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Getting Started with .NET Code Coverage

getting_started_blogWe live and breathe code coverage and the pursuit of building quality code. Since we have been doing it for years, we forget that each and every day new people discover and are getting started with .NET code coverage.

With that in mind, we thought it would be helpful to pull together some of the most common questions we receive about code coverage and NCover.  Here they are:


What is Code Coverage and Why Does It Matter?

In a nutshell, code coverage is the process of determining which sections of your source code have been tested and which sections of your source code have not been tested. This insight allows you to improve your overall testing strategies and the overall health of your code base. The ultimate golas for most organizations are (1) to  increase revenue by providing end users with a higher quality application that is easier to sell and (2) to reduce the total costs of supporting that application in terms of general support and bug fixes. Looking for more Code Coverage 101? We’ve got you covered here.

Can I Collect Code Coverage on My Build Server?

Collecting code coverage on your build service is available through our server-based product, Code Central. It allows you to monitor any number of build servers and test machines and collect coverage data. Code Central can collect coverage directly if it is installed locally on the build server or it can connect to any machine with Collector installed and collect coverage remotely.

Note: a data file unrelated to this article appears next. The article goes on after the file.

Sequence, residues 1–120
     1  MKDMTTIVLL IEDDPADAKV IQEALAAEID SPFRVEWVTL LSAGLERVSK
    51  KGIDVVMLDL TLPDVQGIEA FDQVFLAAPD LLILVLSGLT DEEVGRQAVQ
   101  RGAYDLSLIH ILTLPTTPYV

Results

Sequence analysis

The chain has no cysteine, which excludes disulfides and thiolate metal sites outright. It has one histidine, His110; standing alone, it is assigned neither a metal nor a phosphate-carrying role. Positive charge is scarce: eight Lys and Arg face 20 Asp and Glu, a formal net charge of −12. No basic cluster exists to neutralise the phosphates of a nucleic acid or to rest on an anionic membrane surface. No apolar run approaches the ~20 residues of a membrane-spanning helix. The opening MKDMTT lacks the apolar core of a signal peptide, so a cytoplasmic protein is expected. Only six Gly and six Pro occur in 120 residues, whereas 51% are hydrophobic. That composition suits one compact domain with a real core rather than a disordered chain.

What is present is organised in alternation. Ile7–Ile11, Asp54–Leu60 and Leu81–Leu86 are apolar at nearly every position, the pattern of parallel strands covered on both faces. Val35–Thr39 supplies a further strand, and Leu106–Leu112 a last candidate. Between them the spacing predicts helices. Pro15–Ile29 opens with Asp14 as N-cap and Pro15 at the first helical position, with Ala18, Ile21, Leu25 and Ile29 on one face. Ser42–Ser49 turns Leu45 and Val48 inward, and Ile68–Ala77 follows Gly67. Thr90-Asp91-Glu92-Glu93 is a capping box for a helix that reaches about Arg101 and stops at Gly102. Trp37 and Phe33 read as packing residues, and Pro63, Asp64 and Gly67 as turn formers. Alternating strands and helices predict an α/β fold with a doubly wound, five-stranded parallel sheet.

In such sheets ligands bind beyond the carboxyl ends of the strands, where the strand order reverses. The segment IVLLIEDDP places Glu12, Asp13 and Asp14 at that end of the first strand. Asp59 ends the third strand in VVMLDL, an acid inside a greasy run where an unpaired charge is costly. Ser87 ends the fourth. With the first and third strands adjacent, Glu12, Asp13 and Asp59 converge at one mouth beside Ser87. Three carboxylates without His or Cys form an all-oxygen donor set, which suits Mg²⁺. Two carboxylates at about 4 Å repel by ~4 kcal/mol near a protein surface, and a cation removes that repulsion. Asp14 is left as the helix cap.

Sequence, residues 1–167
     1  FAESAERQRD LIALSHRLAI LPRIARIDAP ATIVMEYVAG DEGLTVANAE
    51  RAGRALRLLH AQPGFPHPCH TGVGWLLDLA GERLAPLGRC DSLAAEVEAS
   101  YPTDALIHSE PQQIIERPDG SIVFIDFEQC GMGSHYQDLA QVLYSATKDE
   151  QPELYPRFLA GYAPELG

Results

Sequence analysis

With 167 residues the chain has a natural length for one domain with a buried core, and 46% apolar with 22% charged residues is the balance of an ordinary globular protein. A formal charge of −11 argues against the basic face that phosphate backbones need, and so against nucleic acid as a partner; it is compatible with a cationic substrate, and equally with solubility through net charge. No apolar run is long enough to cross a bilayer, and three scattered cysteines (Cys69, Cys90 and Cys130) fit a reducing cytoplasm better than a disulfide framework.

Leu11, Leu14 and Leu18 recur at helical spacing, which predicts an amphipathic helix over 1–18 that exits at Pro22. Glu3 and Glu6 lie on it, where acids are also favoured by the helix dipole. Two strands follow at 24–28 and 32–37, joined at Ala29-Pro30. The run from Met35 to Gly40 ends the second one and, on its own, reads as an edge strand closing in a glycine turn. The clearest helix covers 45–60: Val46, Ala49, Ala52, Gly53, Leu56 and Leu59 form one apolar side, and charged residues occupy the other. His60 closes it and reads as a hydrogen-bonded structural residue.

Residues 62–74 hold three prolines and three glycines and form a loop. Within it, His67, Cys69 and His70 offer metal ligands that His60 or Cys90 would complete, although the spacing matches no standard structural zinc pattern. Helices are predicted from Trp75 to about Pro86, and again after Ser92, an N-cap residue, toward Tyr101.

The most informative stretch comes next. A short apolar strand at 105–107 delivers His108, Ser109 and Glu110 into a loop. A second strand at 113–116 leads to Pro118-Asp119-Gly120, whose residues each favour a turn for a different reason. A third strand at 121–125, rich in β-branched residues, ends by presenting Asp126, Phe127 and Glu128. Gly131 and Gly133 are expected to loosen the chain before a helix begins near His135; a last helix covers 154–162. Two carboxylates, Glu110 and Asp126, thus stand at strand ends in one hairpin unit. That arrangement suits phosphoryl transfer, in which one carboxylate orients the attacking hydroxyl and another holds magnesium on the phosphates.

Now that you know you can – the next question is HOW? Well – we’ve got that spelled out for you in three easy steps right here.

Can I Cover IIS and My .NET Web Apps?

Yes you can! NCover collects coverage on your .NET web apps by profiling IIS. Specifically, NCover watches the w3wp.exe, the IIS worker process, in order to collect coverage. This approach allows you to automatically capture coverage once you have properly configured your project. How do I properly configure my project? Well we’ve got that for you right here.

Did we miss your question? Leave us a comment or check out our support and resources sections to help find the answers you are looking for. Keep covered and code on our friends. We cannot wait to see what you make next.

The post Getting Started with .NET Code Coverage appeared first on NCover.

Categories: Companies

Introduction to Claims Based Identity